The Mexican Non-toxic Jatropha curcas L., Food Resource or Biofuel?

Ofelia Andrea Valdes-Rodriguez, Odilon Sanchez-Sanchez, Arturo Perez-Vazquez, Joshua Caplan


Jatropha curcas L. is a promising natural resource which has been promoted globally for biodiesel production by policy makers and researchers in tropical and subtropical countries. However, both J. curcas seeds and oil have been found to be toxic to humans and domestic animals when consumed. A non-toxic genotype of J. curcas has been reported from some rural communities in southern Mexico, and is suitable for human consumption. This non-toxic germplasm has been used in traditional Totonacan cuisine in Mexico. However, increasing demand for J. curcas to be used in biofuel production is exerting pressure on the non-toxic genotype. In this work we analyze the possible origins and dispersal of non-toxic Jatropha by the Totonaca culture; the traditional uses of J. curcas seeds as a food; its status with respect to the Mexican commercial forestry regulations; and the risks associated with the demands of biofuels on this Mexican germplasm.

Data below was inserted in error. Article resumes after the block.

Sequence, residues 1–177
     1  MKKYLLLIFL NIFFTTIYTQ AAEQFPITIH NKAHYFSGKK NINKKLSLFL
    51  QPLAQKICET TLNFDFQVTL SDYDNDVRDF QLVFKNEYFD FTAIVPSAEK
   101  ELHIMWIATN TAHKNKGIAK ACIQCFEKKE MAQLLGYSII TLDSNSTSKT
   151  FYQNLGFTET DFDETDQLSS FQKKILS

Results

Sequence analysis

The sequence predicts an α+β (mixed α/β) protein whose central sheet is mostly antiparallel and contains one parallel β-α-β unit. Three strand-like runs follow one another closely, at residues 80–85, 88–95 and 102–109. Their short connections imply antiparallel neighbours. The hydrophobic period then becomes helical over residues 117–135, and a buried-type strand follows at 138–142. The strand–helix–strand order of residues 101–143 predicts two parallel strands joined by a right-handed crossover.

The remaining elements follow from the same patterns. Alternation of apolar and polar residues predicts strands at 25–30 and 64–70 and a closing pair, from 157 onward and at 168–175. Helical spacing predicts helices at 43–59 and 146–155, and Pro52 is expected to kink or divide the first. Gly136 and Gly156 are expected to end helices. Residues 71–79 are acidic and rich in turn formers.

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Ethnobotany Research and Applications (ISSN 1547-3465) is published online by the Department of Ethnobotany, Institute of Botany, Ilia State University.
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